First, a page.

\ A profile search reveals that Monique Gimenez often provides comments for the stories by News-Front, a pro-Russian media outlet which is blocked in Ukraine. Her quotes can also be found on another pro-Kremlin outlet, Rus-vesna. In addition to sharing posts from Donbass Insider across multiple Facebook groups, she also spreads posts from the French versions of Sputnik News and RT. The Monique Gimenez profile also administers several pro-Kremlin and pro-separatist groups including PRO SEPARATISTE, Liberté pour le Donbass, and La Grande Russie de Poutine. Interestingly, some of the groups are administered together with the Donbass Insider author we mentioned above, Cristelle Néant. (Interestingly, the content is shared also by the account “Marie Christine Néant“, which might have been created for inauthentic behavior. It doesn’t have a profile picture and is not very active on its own page).
We can see the attempt to inauthentically amplify these posts through the unusual ratio of reactions to shares. Most stories on Facebook garner significantly more reactions than shares, but in this case the ratio is reversed. This is due to the fact that shares are mostly performed by the same accounts sending this post to different groups.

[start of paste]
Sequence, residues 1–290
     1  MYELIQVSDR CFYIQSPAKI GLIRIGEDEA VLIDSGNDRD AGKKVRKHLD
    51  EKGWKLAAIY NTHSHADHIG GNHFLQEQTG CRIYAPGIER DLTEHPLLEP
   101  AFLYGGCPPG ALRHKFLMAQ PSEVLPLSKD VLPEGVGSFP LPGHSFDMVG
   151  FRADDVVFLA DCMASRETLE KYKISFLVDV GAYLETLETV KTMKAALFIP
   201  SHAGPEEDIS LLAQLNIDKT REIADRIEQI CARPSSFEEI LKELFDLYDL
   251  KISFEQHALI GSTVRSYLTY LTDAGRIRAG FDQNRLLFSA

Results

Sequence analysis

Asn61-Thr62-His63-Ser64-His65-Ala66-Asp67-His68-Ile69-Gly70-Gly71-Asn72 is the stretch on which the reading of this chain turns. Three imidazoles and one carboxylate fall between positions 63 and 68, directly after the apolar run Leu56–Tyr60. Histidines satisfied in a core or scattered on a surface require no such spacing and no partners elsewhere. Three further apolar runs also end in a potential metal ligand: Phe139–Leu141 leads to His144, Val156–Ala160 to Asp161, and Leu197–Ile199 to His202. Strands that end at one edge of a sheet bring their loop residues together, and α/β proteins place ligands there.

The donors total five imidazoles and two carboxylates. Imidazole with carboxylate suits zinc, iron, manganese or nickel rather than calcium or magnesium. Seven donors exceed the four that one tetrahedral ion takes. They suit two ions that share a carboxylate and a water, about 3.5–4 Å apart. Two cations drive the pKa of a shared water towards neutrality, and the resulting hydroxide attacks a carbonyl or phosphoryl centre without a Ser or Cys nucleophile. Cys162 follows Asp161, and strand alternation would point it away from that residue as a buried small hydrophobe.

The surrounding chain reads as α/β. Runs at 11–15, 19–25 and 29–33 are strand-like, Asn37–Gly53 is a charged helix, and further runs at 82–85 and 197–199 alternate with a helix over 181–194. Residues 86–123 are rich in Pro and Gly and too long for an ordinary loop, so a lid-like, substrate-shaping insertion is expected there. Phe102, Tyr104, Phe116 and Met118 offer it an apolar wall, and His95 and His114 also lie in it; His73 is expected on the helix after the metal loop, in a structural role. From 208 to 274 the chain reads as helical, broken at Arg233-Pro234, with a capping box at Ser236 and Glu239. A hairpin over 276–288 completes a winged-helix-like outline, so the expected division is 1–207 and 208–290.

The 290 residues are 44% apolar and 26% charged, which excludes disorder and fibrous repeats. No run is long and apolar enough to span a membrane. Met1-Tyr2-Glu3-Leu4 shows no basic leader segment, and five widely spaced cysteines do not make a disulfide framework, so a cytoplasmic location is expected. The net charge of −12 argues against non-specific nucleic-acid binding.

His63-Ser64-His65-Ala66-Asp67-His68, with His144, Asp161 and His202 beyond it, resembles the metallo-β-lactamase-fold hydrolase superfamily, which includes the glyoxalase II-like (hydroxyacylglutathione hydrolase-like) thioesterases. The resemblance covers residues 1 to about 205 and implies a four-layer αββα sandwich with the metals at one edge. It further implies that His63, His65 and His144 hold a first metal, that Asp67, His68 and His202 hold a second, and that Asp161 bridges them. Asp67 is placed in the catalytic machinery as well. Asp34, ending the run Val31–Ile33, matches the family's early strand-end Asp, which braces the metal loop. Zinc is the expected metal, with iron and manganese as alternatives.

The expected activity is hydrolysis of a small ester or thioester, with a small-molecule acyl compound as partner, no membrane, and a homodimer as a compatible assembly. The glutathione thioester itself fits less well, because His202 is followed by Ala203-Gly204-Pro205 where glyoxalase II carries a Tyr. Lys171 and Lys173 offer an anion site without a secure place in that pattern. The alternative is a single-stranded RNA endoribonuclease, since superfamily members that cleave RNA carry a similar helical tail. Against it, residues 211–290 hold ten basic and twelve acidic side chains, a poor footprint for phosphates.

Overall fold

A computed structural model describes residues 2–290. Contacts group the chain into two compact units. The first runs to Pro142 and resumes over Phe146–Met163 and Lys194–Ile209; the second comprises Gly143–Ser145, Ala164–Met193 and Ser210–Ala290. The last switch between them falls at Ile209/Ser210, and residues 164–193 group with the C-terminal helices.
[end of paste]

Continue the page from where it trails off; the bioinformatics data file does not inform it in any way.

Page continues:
This post, for example, has 13 reactions and 58 shares.
This post has 36 reactions and 96 shares.
This one has 20 reactions and 55 shares.
One of the groups to which Donbass Insider’s content is regularly shared is called Les Fidèles Occidentaux à Vladimir Poutine, ( Western Loyalists to Vladimir Putin). The group has 4,8 thousand members. The group describes itself as a “page devoted to the eternal Russia (l’Etérnelle Russie) and to Vladimir Putin”. It also openly warns that all content published by “Atlanticist trolls” will be blocked.